Welcome back to the Creative Life Adventure.
Earlier this year, I made a decision that involved what I call “jumping off a cliff.” I left my conventional day job for a life of free-lance writing and photography. There was (and still is) a lot of risk involved, but my personal risk isn’t the subject of this blog post.
Not long ago, when I passed the three month point of my new career direction, I did a quarterly assessment of myself. A quarterly review is a common business practice. I learned to appreciate the process during one of my first jobs out of college, when my employer’s board of directors conducted quarterly reviews with each business unit within the company. An important part of this process is that the review not be threatening – the goal is to measure progress toward existing goals, decide what changes might need to be made, and even evaluate whether or not the goals were the right ones in the first place. In a business setting, it’s an important tool to stay on track, maintain communication, and improve satisfaction for both staff and management.
I’m talking about doing something similar for yourself. This is what I did for myself recently. It wasn’t a long process, I simply spent a few hours here and there over the course of several days. I wrote the results in a bound notebook that I don’t really use as a journal, but to record ideas for writing projects, random thoughts, interesting quotes, occasional dreams, and other bits and pieces of my life.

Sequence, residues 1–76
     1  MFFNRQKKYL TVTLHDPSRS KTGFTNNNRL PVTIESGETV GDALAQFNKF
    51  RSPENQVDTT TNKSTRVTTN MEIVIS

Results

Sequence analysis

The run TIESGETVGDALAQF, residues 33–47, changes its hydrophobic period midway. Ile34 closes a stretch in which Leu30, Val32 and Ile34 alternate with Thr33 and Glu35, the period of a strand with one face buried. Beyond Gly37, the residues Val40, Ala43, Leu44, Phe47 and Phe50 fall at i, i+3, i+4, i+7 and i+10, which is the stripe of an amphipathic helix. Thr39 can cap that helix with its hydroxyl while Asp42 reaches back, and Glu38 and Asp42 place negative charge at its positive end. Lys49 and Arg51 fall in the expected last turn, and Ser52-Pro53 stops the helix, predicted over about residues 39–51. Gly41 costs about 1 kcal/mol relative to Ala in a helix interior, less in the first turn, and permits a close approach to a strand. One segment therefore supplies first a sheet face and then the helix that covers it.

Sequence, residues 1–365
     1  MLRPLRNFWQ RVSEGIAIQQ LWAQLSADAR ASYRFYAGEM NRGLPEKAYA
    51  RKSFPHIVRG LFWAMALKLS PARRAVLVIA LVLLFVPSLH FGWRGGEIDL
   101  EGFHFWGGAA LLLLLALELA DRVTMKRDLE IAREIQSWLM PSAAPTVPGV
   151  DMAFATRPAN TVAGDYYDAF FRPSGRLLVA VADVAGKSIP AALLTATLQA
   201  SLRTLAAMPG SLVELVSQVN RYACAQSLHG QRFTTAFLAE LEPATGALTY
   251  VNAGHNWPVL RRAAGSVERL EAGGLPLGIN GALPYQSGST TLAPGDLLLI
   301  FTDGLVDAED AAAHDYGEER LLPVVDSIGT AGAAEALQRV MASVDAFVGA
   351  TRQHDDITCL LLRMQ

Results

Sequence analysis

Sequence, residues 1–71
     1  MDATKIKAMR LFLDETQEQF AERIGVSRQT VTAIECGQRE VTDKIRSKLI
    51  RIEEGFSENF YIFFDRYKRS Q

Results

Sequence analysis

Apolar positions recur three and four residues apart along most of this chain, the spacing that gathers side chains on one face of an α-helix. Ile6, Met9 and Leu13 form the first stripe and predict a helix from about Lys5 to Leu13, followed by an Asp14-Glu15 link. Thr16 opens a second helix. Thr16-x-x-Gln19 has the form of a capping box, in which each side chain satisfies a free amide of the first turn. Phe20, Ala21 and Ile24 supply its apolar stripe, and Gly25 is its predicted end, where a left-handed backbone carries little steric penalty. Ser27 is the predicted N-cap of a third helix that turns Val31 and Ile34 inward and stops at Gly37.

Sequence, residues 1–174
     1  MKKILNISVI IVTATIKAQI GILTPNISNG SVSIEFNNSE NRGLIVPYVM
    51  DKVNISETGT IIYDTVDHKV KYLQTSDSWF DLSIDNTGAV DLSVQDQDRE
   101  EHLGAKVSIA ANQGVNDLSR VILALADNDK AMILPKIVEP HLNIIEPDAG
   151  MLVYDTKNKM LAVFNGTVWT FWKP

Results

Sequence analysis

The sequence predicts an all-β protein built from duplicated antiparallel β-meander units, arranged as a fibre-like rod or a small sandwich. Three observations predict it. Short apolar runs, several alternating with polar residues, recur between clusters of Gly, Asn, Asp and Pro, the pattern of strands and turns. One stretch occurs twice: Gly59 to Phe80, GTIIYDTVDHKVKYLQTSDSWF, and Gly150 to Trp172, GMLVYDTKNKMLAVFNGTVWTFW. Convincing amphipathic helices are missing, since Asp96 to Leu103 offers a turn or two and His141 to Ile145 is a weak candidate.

For my quarterly review, I looked at both my professional efforts and my personal life. Writing and photography projects, my personal life, personal finance, fitness and diet, our home, etc. Everything I could think of. I jotted down key points as to what I felt I had done well, where I came up short, and some specific goals for the next three months.
A quarterly self assessment can be an important technique to keep yourself on track to meet existing goals and establish new goals. It doesn’t have to be a long, drawn-out process. I conducted my own assessment on my own, with a couple of brief discussions with my wife. You may want to ask colleagues, clients, friends, or relatives to participate. Your goals might be very specific (“I want to run a 5K in 20 minutes by the end of summer”) or more general (“I want to reduce stress through mindfulness and mediation”). General goals should have some kind of benchmarks attached to them, but not everything in life needs to be quantified – sometimes, simply demonstrating progress is enough.
A quarterly self-review can be as detailed as you want it to be – it’s yours, to use (or not use!) in whatever way is most beneficial for you. Give it a try and see how it influences your own goal fulfillment and overall self-awareness.